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The US stock market is in a “death cross” pattern, which sounds pretty scary

A person looks at a Jackson Pollock painting in an art gallery
Reuters/Morteza Nikoubazl
What does it mean?
  • Jason Karaian
By Jason Karaian

Global finance and economics editor

Published Last updated on This article is more than 2 years old.

In all the squiggly charts that traders see every day, recognizable patterns occasionally emerge. Some investors take these coincidences very seriously. One of the most serious patterns of all is the “death cross,” in which a market’s short-term moving average drops below its long-term moving average (generally, the 50-day average crossing the 200-day average) as both are declining. This pattern signals further falls ahead, the theory goes.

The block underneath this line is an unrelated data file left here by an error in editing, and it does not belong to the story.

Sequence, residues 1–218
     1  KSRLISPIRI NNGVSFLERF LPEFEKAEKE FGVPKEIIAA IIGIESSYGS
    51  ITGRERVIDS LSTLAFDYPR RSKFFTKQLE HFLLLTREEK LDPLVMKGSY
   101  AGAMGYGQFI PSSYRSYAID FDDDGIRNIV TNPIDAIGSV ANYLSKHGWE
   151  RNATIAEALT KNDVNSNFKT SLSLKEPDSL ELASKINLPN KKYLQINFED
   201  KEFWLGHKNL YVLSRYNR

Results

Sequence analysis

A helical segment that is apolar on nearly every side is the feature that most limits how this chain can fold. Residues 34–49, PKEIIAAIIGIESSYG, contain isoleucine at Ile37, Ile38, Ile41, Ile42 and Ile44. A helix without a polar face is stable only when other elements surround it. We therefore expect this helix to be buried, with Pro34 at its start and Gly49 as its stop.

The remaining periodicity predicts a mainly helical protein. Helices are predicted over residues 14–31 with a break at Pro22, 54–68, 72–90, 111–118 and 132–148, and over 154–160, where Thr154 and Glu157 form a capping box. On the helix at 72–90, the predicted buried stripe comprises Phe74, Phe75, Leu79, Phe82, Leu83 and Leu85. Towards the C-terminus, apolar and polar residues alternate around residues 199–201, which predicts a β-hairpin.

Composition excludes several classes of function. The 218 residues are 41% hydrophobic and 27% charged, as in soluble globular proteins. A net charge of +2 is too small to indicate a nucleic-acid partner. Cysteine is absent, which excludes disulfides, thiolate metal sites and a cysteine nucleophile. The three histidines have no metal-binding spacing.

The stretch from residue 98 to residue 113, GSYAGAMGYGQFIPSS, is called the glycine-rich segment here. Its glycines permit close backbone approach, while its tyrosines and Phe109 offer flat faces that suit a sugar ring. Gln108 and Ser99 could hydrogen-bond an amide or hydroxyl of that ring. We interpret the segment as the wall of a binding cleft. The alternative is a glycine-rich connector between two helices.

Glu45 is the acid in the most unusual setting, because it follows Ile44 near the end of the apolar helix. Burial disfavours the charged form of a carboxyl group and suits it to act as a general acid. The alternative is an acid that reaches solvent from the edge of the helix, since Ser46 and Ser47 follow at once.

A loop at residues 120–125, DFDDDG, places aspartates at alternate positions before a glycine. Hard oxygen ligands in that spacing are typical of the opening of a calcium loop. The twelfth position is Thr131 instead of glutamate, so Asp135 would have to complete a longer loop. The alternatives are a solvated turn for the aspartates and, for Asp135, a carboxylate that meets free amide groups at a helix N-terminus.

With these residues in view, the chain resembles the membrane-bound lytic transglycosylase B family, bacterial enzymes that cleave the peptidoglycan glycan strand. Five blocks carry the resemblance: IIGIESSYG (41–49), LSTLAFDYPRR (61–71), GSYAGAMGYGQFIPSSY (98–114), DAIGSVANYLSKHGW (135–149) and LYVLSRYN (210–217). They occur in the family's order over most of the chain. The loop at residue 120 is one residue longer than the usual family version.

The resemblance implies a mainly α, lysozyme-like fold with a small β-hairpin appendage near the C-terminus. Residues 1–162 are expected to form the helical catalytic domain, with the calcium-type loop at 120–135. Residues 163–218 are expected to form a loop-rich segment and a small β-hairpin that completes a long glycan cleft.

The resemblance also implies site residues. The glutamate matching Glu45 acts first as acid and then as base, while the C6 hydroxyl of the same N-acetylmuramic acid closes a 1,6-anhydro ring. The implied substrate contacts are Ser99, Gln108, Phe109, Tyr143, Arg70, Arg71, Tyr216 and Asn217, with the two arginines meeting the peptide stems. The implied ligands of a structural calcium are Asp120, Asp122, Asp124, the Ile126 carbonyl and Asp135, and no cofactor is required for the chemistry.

At the end of the week, the S&P 500 index entered death cross territoryRun for your lives!

Or not. So-called technical analysis (assigning predictive power to chart patterns) is a bit of a sideshow in the financial world. The most recent death crosses before this week, in 2015 and 2016, didn’t portend anything particularly deadly for the market. More damningly, no death cross preceded the start of the last bear market in late 2007.

It’s wise to ignore these supposedly meaningful technical patterns—the Hammer, Rounding Bottom, and Gravestone Doji, among them—regardless of how evocative they might sound. There are plenty of reasons to worry about the recent wobbles in the stock market, none of which come from drawing an “X” on a chart and giving it a scary name.

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